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I don’t have a mortgage so I don’t need life insurance – right..?

“I don’t have a mortgage so I don’t need life insurance – right..?”

The above is a sweeping face-value statement which, on the surface, may seem justified.. However… Is life insurance only to cover your debts if you kark it and end up on the pile of the no-tomorrows..?

Maybe, but maybe not. As with all things personal insurance, there are many factors, which effect people individually Here are a few reasons why

While life (death) is the insurance that most people think of first, it is by no means the only type of cover to consider. From here we can progress on two streams of thought; (a) what is the purpose of life insurance if you die? and (b) what are the financial risks to you should something happen that effects your ability to earn an income? These are not necessarily mutually exclusive questions – if you die, you income-earning ability stops!

There are a heap of other questions that feed from either stream, some overlapping, some taking us in seemingly random tangents. A good adviser will try to uncover as much as possible, asking many questions and painting many scenarios along the way. All in the hope of understanding what your key financial risks are so that an informed, logical and strategic recommendation can be made to their client.

2 examples – no mortgage – both have insurance

I have two examples below which may give pause for thought, neither case has a mortgage, yet both are exposed to financial risks.

Young, male, no mortgage, pays rent, good job – Mac (Auckland)

Let’s meet Mac (not his real name obviously), living in Auckland, renting with some friends in town. Mac has a good job and is moving along his career path in engineering. In his mid-twenties, he is not quite ready to buy a home yet his parents think that he should. He has a small amount of debt (less than $20,000) which he is paying off quite quickly.

Mac’s main concern is that something happens and he is not able to work anymore or earn an income. The last thing he wants is to be a burden on his parents, who are approaching retirement themselves.

If Mac dies:

Mac doesn’t have anyone that he would wish to bequeath money to. However, he wants his funeral paid for (and for his body to be repatriated back to Singapore). Mac also wants his debt repaid in full. The sum total of Mac’s life insurance would be less than $50,000.

If Mac is unable to work for 12 months due to illness:

Mac wants to still be able to live in his current accommodation. To do that though, he needs his rent and expenses covered.  A monthly paying disability insurance product similar to income protection (or one of the variations) would help here.

If Mac is never able to work again, due to permanent disability:

Mac would still wish to purchase a property, even if it was a small unit or apartment. Having a lump-sum TPD (total and permanent disability) insurance to cover this expense would give him some independence, even though he would never work again in his occupation.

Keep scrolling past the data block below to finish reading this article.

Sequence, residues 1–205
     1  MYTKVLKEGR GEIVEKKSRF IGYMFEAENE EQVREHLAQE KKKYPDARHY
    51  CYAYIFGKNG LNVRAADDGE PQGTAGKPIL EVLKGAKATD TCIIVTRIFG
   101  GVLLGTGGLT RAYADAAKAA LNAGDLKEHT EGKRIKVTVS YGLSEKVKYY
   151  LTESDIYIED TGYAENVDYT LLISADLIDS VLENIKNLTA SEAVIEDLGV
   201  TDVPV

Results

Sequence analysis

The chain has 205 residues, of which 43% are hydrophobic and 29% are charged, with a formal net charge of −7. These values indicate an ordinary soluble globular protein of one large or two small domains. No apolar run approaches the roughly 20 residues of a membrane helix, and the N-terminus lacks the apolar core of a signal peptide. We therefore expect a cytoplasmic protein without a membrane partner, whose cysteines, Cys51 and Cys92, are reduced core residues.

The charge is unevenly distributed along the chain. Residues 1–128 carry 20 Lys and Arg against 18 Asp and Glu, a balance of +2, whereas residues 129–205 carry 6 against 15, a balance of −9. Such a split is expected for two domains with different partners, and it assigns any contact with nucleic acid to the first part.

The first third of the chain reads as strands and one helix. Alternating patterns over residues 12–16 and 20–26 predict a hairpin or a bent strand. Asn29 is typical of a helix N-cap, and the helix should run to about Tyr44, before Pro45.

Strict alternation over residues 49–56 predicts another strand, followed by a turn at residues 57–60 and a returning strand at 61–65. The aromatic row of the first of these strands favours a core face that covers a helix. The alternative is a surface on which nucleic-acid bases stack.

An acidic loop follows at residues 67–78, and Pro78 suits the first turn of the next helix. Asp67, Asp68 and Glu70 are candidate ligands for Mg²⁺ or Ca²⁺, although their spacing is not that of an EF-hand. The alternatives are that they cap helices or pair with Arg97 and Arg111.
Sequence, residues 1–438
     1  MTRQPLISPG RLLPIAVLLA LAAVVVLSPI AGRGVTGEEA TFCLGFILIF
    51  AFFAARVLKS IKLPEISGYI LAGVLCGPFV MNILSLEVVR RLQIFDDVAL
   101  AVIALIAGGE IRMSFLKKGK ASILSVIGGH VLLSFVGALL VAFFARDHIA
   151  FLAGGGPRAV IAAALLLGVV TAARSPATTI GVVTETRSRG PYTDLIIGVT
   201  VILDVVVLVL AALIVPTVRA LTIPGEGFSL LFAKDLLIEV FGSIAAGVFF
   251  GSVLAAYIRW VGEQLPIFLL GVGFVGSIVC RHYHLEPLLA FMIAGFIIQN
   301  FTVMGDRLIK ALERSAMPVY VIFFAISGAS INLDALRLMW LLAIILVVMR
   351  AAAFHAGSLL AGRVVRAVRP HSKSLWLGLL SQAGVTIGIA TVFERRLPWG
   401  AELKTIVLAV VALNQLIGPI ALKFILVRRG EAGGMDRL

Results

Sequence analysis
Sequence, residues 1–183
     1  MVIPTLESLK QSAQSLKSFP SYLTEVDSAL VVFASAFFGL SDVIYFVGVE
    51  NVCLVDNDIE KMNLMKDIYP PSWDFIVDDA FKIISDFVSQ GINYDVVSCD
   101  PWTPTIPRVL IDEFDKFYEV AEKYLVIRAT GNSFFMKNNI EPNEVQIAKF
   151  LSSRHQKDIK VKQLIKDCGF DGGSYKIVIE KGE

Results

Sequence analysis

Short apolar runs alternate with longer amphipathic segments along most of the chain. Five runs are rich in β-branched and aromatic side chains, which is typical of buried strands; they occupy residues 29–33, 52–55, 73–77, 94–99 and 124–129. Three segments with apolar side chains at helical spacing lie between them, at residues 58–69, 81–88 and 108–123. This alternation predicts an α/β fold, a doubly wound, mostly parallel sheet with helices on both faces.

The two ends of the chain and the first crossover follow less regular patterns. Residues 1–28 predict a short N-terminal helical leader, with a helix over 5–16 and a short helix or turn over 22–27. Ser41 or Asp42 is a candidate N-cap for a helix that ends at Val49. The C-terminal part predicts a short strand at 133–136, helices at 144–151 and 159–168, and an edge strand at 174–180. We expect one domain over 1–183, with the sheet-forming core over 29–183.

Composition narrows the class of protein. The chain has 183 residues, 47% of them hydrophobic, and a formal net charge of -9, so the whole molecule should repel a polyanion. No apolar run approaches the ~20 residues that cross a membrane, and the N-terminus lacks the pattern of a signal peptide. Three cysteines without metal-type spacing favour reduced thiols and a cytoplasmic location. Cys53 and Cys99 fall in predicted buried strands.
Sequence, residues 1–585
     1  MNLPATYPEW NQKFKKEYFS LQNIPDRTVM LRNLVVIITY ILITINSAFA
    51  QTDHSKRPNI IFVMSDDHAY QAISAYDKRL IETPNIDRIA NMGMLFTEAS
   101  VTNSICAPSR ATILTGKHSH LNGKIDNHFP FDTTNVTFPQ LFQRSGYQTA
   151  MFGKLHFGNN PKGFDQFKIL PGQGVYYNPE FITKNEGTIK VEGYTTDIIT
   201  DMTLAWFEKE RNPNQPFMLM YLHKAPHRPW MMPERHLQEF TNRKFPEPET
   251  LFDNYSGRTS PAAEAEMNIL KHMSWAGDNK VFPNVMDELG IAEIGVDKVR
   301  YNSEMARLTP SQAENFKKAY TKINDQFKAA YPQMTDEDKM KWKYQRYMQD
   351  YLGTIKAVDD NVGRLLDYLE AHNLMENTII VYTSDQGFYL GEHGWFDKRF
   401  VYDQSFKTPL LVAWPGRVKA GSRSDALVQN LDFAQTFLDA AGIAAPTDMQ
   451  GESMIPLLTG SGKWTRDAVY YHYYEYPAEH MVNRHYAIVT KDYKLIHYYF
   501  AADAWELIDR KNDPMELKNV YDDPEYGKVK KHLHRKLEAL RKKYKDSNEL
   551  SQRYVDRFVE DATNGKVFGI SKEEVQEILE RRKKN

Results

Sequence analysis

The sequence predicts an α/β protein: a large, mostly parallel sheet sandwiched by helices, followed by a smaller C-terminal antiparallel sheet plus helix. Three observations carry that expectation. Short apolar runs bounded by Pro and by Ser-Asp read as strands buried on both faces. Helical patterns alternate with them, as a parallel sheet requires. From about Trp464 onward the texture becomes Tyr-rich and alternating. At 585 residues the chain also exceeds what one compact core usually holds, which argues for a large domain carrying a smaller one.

Single mum paying rent single household earner – Maggie (Napier)

Maggie’s turn to say hi. She has recently left her troubled and violent marriage with 3 kids in tow. One child has mild autism another has ADHD. Qualified and working full time, Maggie is keen to put her past behind her and move on with her life. She has been left with virtually nothing financially and so is on a fairly tight budget. That being said, she works in the health department and knows all to well how one’s health can suddenly change. Maggie wants a basic plan in place for a couple of years while she gets back on her feet financially. Then we will review her strategy and adjust what we can.

If Maggie dies:

The 3 children need looking after – therefore a fund is now in place that should Maggie die, the children will at least get through their school years.

If Maggie has a serious health condition or illness:

If something serious happens to Maggie’s health, such as an episode of breast cancer or a heart attack, she will have a lump-sum of money to keep her household running for up to two years while she recovers.

The banks… Who’s debt are they covering? What’s the bigger picture?

The banks have done a good job of perpetuating this impression by advising everyone who gets a mortgage to get life insurance to cover the debt. Of course much of the time they are focused on covering their own liability – the mortgage.

Personal insurance is more than just paying debt if you die, but that a one place to start. Thinking about your own situation, who stands to lose if something happens to you? Are you only thinking about death, or are you also thinking about the ‘living insurance’ – covering your loss of earnings. Speaking with an experienced adviser can help you to think more deeply about these and other types of situations.

If you want to know more about this type of product, or you are concerned about your own policy and whether it properly covers your risks, drop me a line – I’d love the opportunity to chat and walk through it all with you.

Independent risk management advice New Zealand